Black Holes: The Membrane Paradigm
Kip S. Thorne, Richard H. Price, Douglas A. MacDonald
Yale University Press, 1986 - Science - 367 pages
This pedagogical introduction to the physics of black holes emphasizes the "membrane paradigm”, which translates the mathematics and physics of black holes into a form accessible to readers with little knowledge of general relativity but a solid grounding in nonrelativistic physics. This is accomplished without resort to approximations or loss of content.
Instead of treating a black hole’s "event horizon” as a globally defined null surface in four-dimensional space time, the paradigm views it as a two-dimensional membrane in three-dimensional space. Made of viscous fluid, electrically charged and conducting, with finite entropy and temperature but no power to conduct heat, this membrane is seen as having familiar properties that enable the reader to understand intuitively and compute quantitatively the behavior of black holes in complex astrophysical environments.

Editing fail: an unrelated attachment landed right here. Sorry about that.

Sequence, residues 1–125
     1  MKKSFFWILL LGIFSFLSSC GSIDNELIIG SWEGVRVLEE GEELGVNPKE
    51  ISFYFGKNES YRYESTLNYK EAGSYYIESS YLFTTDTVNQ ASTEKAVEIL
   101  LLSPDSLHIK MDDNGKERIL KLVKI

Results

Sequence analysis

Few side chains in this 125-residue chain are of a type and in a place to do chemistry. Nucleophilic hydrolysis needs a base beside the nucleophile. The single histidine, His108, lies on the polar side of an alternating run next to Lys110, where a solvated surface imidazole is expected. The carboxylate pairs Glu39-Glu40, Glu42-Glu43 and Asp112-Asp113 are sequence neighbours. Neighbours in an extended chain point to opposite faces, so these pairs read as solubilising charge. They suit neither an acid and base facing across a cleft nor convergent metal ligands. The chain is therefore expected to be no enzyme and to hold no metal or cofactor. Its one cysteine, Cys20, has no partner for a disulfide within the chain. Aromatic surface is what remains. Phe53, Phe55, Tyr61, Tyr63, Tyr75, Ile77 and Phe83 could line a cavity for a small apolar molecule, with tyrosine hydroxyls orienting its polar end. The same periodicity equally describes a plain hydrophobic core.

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Nonrotating and Slowly Rotating Holes
The Stretched Horizon of a Nonrotating or Slowly
Model Problems for Nonrotating and Slowly Rotating Holes
Rapidly Rotating Holes
B The 3+1 Split of the Laws of Physics outside a Rotating
The Stretched Horizon of a Rotating Hole
Astrophysical Applications of BlackHole
Qualitative Features of the BlackHole Magnetosphere
A Conceptual Foundations
Structure and Evolution of the Stretched Horizon
Summary of the laws of evolution of the stretched
B Rotating Perturbations
E Model Problems with Radially Moving Particles
The Thermal Atmosphere of a Black Hole
B The Physical Laws Governing Black Hole Atmospheres
Model Problems for BlackHole Atmospheres
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